Zoe Allen, Senior Gilded Furniture and Frames Conservator
Phil James, Technician, Technical Services
This painted and gilded carved walnut chair is part of a suite of furniture made for Marie Antoinette’s Cabinet Particulier in the palace of Saint – Cloud outside of Paris. It was made by Jean-Baptiste-Claude Sené (1748–1803) in 1788 and was painted and gilded by Louis-François Chatard, (ca. 1749-1819), Both Sené and Chatard were principle chair makers and gilders to Louis the XVI and Marie Antoinette and this chair bears the makers stamp.
The V&A have a second chair and the rest of the suite has been scattered; Versailles have one chair, there is one in a private collection and the rest of the suite, a fire screen, a lit de repos (daybed) and a bergère (enclosed armchair), is at the Metropolitan Museum of Art, New York.
This post presents a brief description of the conservation treatment that was carried out on the chair in preparation for its display in the new Europe galleries due to open later in 2015.
The chair has been re-upholstered several times, re-gilded and over-painted. The last intervention was in the 1970’s when it was upholstered in blue swagged fabric and partially painted a greyish blue.
Recent research carried out at The Metropolitan Museum of Art found evidence that the suite had in fact been originally upholstered with hand embroidered white fabric with a floral print and the fire screen retained the original fabric. It is believed that Marie Antoinette herself embroidered her initials on the fire screen. Examination of the surface decoration found the carved woodwork on the suite to have been originally partially gilded and painted white to match the fabric.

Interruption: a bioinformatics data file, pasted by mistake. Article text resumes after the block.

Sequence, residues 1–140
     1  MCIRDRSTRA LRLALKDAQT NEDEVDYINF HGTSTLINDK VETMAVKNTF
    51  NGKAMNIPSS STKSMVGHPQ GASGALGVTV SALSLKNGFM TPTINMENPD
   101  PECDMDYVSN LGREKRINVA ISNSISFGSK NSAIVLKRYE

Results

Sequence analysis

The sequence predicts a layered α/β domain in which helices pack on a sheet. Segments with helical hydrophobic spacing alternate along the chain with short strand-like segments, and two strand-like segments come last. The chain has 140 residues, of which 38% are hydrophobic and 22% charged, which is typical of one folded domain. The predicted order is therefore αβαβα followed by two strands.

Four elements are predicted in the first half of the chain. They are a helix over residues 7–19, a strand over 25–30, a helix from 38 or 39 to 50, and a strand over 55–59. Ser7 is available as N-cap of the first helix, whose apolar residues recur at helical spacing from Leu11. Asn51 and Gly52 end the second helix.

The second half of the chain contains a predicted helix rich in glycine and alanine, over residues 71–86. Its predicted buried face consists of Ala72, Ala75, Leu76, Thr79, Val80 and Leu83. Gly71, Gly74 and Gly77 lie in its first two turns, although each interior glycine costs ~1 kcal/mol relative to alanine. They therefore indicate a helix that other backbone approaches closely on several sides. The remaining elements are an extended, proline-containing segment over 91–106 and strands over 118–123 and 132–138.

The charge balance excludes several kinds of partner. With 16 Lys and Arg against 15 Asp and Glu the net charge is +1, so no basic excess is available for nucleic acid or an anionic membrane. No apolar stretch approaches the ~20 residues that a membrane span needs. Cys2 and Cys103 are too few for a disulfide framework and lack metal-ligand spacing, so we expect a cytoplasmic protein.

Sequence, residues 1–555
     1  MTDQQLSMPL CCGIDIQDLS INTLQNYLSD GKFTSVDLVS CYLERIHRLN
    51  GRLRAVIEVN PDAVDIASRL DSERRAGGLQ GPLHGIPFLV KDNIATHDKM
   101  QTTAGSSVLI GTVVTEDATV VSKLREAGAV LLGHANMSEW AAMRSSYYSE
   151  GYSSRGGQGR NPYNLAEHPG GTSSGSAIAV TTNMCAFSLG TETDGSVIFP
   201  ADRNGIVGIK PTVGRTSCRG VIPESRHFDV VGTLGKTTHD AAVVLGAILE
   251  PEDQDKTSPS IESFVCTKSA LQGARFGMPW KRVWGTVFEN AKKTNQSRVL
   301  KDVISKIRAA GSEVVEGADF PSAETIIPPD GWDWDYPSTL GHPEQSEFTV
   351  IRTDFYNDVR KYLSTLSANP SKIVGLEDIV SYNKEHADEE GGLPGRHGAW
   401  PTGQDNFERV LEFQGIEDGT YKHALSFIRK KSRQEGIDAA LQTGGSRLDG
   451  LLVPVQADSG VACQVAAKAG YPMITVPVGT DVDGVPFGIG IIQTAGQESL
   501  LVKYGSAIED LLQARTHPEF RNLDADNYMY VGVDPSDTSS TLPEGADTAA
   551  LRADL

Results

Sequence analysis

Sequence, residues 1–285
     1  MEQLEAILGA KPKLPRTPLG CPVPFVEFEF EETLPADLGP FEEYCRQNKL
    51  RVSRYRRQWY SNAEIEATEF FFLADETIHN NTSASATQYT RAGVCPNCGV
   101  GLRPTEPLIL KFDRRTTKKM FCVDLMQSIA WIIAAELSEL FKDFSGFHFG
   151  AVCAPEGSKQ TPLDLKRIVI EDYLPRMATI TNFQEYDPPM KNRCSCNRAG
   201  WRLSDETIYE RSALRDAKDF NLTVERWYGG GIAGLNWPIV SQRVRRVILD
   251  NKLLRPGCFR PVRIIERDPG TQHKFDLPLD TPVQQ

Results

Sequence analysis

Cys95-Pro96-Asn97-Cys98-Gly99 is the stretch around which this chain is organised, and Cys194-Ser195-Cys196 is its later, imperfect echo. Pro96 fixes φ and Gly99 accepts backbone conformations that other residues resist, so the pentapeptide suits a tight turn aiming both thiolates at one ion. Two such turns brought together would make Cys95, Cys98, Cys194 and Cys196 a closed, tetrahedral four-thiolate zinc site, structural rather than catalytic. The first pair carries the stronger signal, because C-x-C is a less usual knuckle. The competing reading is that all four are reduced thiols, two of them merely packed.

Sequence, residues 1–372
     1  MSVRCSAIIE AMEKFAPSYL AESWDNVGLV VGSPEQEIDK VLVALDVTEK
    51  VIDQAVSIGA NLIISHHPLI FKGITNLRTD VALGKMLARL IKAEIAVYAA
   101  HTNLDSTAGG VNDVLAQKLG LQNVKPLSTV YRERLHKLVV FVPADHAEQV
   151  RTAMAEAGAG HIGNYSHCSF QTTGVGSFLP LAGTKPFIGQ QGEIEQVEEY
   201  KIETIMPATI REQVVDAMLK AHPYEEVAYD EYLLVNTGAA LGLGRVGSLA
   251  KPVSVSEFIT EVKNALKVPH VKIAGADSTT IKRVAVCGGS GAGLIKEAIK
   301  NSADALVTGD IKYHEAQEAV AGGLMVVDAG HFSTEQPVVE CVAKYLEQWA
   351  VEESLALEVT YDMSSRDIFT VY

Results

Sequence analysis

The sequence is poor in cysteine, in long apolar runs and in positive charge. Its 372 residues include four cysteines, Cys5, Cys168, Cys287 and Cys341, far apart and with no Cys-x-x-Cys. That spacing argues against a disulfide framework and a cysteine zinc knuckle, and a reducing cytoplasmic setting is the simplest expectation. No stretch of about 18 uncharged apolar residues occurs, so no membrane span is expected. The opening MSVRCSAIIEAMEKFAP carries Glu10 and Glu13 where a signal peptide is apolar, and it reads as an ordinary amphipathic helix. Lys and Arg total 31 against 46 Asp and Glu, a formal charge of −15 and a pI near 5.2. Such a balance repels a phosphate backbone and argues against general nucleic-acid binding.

This information provided the remit for the conservation treatment of the V&A chair mainly to re-upholster with a more historically accurate fabric and to remove the blue over-paint.
The gilding on the chair is water gilding, combining both matt and burnished areas, however it is not the original gilding. The gilding was overall in good condition with some flaking and surface dirt.
The surface was consolidated (laid back in place) with traditional techniques. Diluted rabbit skin glue is applied beneath the flake and carefully stuck back.
Surface dust had become embedded on the surface and detracted from the fine carved detail and was carefully removed during conservation treatment.
Removal of the blue paint
The surface had been overpainted blue/grey to match the 1970’s upholstery and this was removed during treatment.
Replacement of losses
There were several losses to the carving on the chair, the most visually disturbing being the cresting above the Marie Antoinette initials. The rest of the suite was examined to see if any chairs still had this area intact with a view of making a copy. The only chair with the top still intact was that at Versailles, however, on close inspection the carving was quite different in style. With each piece in the suite being hand carved it could not be expected that any two elements would be exactly the same.
We will never know exactly how the missing element appeared therefore the most sensible option seemed to be to copy and make a mirror image of what was already there.
A mould and cast was made from the extant area of the crest. This was scanned, ‘reversed’, then 3D printed. A mould was made of the printed piece and recast in an inert material. This was then gilded and toned to match the extant original.
Castors had been added to the legs at some point and carved detail on the foot had been chiselled away to fit the castors.
Examination of the rest of the suite showed the bottom of the chair legs to have had a twisted rope ornament above a small bun at the base.
Using this information the castors were removed and new feet were made.
The chair had been re-upholstered numerous times and upholstery tacks had crushed the crisp gilded moulding on the edges adjacent to the upholstery.